LOC Conveyor to Be Fixed, but Needs Upgrades
A mechanical problem that has shut down parts of the Library of Congress’ automated book conveyor system for nine days could be fixed as soon as today. But problems with the massive delivery mechanism may persist for several years until major upgrades are made to the aging system.
“Parts of the book conveyor system in the LOC are more than 40 years old,” explained Architect of the Capitol spokeswoman Eva Malecki. “The company that manufactured it is out of business and parts are hard to come by.”
She said the current breakdown has been isolated to one section of the inter-building system, which has more than 70 delivery stations. According to the Library’s Web site, the Automated Book Conveyor System accommodates approximately 1,000 book requests on a typical weekday.
“Given the size of the entire conveyor system, we are working to fix the problem as quickly as possible,” Malecki said. “We hope to have the system back up and running before the end of the week. It could be as soon as [Wednesday].”
But this isn’t the first headache caused by the aging conveyor system.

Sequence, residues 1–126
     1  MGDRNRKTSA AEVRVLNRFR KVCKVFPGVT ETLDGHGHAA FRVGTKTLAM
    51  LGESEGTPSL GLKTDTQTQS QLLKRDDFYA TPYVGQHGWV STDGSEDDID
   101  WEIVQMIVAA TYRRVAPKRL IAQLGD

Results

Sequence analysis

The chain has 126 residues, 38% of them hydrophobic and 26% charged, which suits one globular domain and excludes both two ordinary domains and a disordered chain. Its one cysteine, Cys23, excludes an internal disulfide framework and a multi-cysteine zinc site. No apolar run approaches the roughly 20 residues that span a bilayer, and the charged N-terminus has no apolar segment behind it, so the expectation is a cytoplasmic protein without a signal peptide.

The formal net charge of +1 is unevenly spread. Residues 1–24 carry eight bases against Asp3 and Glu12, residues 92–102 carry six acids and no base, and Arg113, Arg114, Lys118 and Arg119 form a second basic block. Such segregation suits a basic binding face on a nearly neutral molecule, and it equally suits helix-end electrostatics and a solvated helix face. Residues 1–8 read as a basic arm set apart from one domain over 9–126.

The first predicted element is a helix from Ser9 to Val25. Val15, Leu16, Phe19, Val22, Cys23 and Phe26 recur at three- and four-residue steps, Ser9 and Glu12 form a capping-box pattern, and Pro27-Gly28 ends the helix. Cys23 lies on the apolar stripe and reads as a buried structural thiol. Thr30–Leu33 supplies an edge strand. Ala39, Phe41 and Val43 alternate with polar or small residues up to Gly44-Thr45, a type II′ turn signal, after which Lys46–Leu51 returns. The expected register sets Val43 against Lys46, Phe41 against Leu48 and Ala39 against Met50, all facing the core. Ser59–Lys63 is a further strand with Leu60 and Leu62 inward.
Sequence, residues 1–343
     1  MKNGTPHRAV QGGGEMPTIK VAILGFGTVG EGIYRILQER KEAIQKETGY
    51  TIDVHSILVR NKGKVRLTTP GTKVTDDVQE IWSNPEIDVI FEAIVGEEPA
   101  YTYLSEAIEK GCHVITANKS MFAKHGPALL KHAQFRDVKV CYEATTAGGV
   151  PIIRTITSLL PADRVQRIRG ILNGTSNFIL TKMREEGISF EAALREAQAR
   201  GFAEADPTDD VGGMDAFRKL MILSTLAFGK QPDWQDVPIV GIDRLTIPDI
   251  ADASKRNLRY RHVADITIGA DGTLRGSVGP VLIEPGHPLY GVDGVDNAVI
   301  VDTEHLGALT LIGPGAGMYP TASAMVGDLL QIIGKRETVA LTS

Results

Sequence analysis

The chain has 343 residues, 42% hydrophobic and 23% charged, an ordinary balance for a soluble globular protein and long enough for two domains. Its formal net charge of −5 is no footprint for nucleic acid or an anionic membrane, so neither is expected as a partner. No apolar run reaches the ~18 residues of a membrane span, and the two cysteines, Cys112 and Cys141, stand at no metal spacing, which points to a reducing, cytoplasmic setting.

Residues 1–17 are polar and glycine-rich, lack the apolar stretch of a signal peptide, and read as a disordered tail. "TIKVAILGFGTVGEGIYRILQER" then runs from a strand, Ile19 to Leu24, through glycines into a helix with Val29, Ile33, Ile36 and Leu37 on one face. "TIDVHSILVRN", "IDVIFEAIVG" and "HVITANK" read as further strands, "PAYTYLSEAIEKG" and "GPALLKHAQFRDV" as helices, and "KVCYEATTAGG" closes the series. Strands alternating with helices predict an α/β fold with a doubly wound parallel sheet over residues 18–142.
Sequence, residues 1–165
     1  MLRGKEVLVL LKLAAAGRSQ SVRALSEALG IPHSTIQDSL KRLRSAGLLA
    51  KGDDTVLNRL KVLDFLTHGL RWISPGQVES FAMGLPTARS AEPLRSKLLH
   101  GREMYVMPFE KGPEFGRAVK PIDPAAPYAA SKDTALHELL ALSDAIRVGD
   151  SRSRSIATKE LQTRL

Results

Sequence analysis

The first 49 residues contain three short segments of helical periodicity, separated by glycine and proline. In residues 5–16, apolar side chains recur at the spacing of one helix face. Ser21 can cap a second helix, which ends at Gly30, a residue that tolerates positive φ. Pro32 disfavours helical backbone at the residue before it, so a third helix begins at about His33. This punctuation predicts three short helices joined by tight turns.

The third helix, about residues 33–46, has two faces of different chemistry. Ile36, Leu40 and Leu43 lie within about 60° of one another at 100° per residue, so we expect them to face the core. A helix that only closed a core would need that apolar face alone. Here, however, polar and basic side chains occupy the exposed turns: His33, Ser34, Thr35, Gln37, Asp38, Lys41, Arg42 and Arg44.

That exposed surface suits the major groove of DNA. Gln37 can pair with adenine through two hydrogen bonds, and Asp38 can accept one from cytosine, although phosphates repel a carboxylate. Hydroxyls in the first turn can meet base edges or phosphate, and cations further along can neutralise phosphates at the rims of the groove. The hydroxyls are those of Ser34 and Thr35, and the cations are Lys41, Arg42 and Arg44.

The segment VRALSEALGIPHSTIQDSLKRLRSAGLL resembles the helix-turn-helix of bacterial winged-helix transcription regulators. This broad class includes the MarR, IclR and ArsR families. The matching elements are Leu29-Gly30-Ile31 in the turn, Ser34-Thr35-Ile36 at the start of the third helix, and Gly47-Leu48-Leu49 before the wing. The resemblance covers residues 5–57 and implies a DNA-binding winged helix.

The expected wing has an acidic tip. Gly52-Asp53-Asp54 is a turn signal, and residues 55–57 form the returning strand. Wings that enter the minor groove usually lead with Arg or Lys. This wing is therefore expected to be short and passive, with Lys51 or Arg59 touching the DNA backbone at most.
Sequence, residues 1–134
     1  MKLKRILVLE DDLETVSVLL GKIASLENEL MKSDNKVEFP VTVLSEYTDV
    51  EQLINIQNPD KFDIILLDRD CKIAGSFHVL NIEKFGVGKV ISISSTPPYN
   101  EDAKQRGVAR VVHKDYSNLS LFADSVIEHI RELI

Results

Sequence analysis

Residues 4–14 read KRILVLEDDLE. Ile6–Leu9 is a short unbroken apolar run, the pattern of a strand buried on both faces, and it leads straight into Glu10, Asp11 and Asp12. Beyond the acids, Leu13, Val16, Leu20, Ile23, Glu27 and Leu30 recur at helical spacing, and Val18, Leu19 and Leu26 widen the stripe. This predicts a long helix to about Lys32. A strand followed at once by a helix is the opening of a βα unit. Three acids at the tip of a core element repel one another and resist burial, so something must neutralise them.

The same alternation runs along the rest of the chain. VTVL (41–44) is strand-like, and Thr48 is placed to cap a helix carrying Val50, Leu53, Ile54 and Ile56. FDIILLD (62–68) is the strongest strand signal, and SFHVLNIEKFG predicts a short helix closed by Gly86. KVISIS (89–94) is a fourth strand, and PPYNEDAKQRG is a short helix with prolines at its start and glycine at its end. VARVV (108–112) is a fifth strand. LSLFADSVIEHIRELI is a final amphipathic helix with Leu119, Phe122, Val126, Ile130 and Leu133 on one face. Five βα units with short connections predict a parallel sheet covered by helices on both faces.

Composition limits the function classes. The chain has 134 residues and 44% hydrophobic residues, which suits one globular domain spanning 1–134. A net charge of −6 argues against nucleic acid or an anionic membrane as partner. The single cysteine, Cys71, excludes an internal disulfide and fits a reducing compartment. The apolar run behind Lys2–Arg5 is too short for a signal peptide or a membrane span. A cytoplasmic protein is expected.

In early 2001, the delivery system was among the areas of the Library cited by the Office of Compliance for “undue danger to the lives and safety of occupants” for fire safety hazards. At that time, the AOC was directed to bring several areas, mostly in the aging Thomas Jefferson Building, up to contemporary fire safety standards.
In his March 2004 testimony to the House and Senate Appropriations committees regarding the Library’s fiscal 2005 budget, Librarian of Congress James Billington specifically listed the delivery system as one of the main infrastructure support problems facing the LOC. In his budget request he asked Congress for $400,000 for “an integration and upgrade study … of our aging book conveyor system.”
“We will be upgrading the conveyor system over the next several years,” explained Malecki. “Given the size of the system, it is a multi-year project.”
In the meantime, Library “deck attendants” have been manually delivering visitor book requests using push carts since the system broke down earlier this month.
“There’s an increased workload for the deck attendants but it’s manageable and there haven’t been any complaints from patrons,” said a Library spokeswoman.
The spokeswoman said the conveyor system occasionally breaks down “and when it does, the deck attendants know how to handle it.”